Rahab welcomes the Israelite spies into her home, protects them, and declares her belief that their God, YHWH, is the true God. Rahab is clearly a hero—a Canaanite prostitute hero. Considering that, were she an Israelite, Rahab’s vocation would cause her to be stoned according to Leviticus’ laws, one would be rightfully perplexed at her elevation. What does it mean that the book of Joshua treats Rahab as a hero, and one who will become even greater in the story that God is telling (Matthew 1:5)?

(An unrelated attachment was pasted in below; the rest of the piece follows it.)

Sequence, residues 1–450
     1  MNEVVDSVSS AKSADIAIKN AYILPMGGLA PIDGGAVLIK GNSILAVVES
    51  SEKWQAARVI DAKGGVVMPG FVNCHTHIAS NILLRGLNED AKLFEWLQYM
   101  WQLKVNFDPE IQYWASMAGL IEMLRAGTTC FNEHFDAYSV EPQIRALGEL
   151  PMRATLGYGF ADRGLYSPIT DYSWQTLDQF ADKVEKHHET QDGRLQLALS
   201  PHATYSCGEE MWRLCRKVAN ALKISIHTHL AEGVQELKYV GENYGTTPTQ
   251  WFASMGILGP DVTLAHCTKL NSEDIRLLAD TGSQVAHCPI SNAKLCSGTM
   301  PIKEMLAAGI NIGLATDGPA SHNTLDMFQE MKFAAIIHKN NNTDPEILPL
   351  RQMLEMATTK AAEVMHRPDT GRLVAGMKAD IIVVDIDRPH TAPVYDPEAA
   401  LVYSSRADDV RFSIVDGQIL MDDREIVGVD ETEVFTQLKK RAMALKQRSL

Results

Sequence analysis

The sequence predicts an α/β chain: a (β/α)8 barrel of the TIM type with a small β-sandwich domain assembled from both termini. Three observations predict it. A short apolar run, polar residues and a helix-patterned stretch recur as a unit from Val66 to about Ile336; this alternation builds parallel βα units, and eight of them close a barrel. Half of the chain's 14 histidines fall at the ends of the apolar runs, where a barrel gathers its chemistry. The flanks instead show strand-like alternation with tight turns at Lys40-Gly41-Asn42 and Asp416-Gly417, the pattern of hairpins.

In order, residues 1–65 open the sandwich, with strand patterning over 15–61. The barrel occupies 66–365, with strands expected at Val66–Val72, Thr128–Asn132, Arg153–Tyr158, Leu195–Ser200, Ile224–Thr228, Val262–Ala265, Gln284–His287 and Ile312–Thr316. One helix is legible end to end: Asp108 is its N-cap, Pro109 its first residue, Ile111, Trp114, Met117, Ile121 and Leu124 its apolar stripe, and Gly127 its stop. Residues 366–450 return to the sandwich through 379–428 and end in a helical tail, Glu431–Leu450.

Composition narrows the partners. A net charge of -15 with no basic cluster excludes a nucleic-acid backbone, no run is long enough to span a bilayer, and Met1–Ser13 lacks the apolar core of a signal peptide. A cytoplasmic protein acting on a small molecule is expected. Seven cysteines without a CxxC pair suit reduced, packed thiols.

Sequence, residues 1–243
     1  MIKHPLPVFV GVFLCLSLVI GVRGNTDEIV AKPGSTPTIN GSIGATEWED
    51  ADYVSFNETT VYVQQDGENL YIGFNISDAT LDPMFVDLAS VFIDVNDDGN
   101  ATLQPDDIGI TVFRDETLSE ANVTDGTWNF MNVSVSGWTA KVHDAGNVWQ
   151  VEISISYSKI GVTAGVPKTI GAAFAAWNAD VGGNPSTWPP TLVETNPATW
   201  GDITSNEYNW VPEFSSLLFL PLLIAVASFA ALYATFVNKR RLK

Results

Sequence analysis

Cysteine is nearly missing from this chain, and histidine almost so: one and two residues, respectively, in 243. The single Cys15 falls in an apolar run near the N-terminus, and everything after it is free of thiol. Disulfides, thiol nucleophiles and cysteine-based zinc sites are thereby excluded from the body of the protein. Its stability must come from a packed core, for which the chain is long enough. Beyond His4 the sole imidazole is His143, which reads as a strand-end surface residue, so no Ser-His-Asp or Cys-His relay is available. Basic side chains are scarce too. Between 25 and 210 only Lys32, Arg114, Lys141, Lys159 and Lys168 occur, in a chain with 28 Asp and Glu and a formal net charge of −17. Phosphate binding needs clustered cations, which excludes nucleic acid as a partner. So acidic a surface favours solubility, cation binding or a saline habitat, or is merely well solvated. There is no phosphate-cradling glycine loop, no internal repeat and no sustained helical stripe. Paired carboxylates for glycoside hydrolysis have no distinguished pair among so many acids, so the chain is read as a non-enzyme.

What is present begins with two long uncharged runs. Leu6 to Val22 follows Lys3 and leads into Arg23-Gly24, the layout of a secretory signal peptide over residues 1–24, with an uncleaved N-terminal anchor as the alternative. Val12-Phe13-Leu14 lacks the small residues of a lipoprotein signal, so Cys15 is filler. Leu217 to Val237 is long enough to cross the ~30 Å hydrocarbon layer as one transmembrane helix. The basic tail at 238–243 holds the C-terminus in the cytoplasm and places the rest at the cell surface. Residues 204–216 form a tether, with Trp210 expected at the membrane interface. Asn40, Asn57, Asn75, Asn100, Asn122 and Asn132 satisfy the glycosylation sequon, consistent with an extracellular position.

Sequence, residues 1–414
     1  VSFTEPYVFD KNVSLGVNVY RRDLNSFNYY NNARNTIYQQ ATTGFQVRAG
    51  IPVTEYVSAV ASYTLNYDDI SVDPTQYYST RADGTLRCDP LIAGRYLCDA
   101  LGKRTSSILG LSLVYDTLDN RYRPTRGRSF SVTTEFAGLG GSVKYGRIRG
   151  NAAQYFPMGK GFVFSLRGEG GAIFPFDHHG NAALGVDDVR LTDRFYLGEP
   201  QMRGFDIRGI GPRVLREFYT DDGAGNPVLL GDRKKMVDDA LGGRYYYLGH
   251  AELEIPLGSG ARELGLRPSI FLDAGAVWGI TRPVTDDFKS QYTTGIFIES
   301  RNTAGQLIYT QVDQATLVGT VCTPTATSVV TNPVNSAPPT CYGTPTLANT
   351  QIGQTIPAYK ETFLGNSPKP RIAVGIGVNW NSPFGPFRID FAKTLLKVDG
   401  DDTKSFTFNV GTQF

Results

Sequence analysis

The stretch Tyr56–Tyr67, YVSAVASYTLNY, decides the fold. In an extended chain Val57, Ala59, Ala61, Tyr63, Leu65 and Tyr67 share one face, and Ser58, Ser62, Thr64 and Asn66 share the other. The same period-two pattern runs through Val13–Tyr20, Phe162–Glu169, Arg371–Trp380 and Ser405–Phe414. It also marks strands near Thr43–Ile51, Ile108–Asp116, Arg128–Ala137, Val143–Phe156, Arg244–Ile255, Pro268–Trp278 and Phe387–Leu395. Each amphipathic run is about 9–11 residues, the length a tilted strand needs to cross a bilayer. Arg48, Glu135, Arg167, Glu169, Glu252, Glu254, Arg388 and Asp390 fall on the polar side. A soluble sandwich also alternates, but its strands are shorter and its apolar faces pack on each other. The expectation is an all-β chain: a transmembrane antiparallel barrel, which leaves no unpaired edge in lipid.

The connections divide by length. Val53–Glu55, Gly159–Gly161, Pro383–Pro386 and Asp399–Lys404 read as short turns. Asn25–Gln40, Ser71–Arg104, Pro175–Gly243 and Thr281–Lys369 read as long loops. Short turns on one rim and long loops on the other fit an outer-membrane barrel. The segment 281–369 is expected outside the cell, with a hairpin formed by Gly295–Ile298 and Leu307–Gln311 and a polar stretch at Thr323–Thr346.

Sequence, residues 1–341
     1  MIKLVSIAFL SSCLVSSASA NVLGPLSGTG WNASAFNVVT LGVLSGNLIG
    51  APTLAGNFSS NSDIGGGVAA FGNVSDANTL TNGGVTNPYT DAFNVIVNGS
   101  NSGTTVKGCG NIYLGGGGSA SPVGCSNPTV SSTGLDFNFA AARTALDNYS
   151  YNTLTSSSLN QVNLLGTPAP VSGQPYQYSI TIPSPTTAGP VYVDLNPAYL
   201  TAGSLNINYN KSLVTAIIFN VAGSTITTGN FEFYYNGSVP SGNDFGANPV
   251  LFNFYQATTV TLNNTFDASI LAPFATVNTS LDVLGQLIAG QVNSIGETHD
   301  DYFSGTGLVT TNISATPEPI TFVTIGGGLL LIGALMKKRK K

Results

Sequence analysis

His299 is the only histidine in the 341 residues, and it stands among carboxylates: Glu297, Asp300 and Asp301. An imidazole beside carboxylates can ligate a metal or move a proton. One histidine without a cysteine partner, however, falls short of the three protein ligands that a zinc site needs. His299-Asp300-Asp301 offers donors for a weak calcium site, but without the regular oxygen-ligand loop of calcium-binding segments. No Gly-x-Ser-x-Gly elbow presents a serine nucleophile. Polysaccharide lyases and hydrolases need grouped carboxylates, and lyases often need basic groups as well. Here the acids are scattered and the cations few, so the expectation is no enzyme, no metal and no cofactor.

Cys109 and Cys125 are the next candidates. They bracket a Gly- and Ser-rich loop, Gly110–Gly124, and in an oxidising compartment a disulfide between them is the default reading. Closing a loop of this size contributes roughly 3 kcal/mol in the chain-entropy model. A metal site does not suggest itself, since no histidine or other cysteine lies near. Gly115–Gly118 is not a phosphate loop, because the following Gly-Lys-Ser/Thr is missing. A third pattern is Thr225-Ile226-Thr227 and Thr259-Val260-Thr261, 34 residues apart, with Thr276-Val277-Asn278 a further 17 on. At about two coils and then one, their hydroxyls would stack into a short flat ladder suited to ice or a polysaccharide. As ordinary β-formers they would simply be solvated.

I offer one simple reflection. Rahab’s story proves that God receives with grace anyone who seeks YHWH in truth. Rahab certainly grew up worshipping false gods, but she reveals her openness to the truth by recognizing that the true God is the one who rescued Israel from Egypt and defeated the Amorite kings. Rahab is shown kindness (Joshua 6:17), but more importantly, she models the proper response that the peoples of the nations should give to Israel and their God. Unsurprisingly, Jesus, the descendant of a prostitute, will be a friend to them when they come to Him desperate for His salvation (Luke 7:36-50). God welcomes those who genuinely desire His mercy no matter their origins or stations in life.